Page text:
Creating Salesforce Custom Reports

You probably arrived at this piece as a result of a search for how to create Salesforce custom reports. One of the most frequently requested tutorials on their own website has been for a walkthrough of creating custom reports. For a long time, there was no easy way to do this, and it relied on third party extensions like a Crystal Reports integration or the like, to get it to work the way people would expect. Well, in fairly recent times, Salesforce custom reports have become a native feature of Salesforce, as long as you’ve got the newest interface loaded (if you have access to Chatter, you have the new interface). Now, you’re looking for a tutorial for how to create these, but it’s so easy to do that I actually have room to cover that in just a paragraph or two, and then give you some advice on using this wisely. So, you get a bonus this time, because this is that simple. This is a five step process, and since we’ve covered making normal reports in the past, I’ll skip the handholding for every single task in the GUI this time. So, first, go to create a new report for leads’ (do not select activities with leads’). Set up your usual dates, ownership filters etc. as we do with regular, non-custom reports like schedule reports salesforce suggests. So far, it’s no different, right? Well, it starts changing a tad after this point. You may notice a triangular button on the right hand side of the normal  add’ button. This will summon a pop up menu with options like leads’, changing to without’ and changing to  activities’. With this, you can set combinations of cross references, data conversions and columnar editing, which allows you to design custom reports with a little bit more leeway than the standard report creation does, but it follows the same logic and conventions. So, if you’re used to regular report creation, this is just the same thing with a little more control. Now, as for using this wisely … with this kind of control over report generation, it’s easy to get into a habit of excessive data, complex conversions and accumulations and the like, because you can. However, that’s a bad idea, because just as is the case with form creation, being concise with your data, rather than excessive or too processed reduces the confusion and makes the experience for the user more efficient all around. Along with this, remember also that you need to tell people about these reports, so that those who would need them are aware they’ve been created. Also, make sure nobody else has created the same thing, because redundancy is wasteful of space and time alike. You see, creating reports in salesforce is really no more complicated than creating standard reports. People continue to ask for this functionality because they are unaware it’s there and simple to use, because honestly, the way to get to it makes it less than blatantly obvious that it exists until someone points it out as I did. I hope this makes some of your lives easier, since it eliminates the need for some third party proprietary reporting formats once and for all.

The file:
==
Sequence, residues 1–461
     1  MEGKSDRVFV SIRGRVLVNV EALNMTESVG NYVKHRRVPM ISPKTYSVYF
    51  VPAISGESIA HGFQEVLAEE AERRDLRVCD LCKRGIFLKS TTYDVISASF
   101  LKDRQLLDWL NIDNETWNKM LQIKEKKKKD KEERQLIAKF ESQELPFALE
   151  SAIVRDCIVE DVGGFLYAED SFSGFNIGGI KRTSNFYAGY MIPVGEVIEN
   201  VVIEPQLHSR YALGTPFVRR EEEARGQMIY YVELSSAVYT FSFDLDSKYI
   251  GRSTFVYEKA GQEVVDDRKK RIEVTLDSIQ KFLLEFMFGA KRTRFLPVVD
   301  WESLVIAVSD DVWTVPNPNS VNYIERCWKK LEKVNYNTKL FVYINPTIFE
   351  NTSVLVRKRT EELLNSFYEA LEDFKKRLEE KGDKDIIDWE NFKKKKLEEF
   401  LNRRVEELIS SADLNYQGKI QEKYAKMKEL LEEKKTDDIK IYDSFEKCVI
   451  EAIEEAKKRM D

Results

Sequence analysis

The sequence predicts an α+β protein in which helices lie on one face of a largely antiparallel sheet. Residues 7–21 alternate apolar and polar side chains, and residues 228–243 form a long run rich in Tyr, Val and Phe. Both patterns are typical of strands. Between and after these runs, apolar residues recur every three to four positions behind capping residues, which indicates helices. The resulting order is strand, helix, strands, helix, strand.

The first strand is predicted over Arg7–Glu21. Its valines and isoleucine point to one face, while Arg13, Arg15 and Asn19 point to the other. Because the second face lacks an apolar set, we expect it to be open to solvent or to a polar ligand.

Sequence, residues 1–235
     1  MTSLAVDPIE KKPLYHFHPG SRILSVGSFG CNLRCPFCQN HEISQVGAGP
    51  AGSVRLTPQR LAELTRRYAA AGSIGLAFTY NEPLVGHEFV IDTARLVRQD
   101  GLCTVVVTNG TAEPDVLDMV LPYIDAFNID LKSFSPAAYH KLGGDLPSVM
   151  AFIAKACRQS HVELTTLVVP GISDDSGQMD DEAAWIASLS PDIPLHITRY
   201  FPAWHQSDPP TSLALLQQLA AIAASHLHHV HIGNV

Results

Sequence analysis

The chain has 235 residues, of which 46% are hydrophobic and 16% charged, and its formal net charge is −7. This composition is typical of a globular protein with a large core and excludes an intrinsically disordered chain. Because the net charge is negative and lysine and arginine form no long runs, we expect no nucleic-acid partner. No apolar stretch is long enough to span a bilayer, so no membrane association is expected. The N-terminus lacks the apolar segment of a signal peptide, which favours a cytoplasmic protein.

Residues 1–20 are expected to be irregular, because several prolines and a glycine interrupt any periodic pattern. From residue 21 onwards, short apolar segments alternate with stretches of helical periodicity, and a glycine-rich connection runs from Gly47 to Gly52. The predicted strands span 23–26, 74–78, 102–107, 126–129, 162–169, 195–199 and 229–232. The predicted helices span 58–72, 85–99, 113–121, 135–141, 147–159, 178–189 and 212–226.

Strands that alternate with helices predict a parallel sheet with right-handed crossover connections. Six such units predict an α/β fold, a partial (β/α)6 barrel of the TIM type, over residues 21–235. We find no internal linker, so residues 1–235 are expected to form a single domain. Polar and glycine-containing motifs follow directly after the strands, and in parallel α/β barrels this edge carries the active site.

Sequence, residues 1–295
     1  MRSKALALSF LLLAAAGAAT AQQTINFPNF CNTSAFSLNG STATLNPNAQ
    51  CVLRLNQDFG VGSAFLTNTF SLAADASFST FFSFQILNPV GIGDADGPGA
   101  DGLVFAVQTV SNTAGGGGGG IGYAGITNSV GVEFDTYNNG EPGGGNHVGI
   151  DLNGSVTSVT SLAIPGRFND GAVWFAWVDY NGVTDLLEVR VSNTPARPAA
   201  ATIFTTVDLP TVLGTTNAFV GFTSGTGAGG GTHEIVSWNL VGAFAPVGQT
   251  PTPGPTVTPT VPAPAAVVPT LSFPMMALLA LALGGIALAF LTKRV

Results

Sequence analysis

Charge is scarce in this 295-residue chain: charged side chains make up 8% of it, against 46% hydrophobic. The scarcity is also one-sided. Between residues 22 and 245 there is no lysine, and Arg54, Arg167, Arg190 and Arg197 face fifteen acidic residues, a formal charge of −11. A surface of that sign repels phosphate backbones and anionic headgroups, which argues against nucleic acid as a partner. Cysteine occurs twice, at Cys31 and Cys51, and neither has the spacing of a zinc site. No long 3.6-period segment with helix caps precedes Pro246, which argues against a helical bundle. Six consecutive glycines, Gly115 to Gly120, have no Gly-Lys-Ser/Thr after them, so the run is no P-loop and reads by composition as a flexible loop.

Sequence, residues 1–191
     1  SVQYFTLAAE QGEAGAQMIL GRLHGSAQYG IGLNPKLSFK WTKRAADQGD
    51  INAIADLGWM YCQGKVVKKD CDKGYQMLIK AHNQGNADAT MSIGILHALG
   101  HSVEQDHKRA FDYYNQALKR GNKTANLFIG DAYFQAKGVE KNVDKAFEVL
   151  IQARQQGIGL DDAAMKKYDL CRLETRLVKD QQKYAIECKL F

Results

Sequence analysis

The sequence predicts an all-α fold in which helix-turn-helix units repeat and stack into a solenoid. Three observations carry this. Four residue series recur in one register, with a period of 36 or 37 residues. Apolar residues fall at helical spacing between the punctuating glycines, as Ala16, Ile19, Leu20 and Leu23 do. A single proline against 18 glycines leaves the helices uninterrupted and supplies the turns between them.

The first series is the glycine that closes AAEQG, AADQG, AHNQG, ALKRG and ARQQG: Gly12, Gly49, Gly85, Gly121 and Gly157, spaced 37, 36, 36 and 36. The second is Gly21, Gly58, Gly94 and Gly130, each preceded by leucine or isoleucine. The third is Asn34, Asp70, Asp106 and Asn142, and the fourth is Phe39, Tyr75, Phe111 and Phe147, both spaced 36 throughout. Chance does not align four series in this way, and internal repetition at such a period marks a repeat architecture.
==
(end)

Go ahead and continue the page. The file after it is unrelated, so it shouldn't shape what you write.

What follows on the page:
Amanda is the Lead Author & Editor of Rainforce Blog. Amanda established the Rainforce blog to create a source for news and discussion about some of the issues, challenges, news, and ideas relating to Salesforce usage.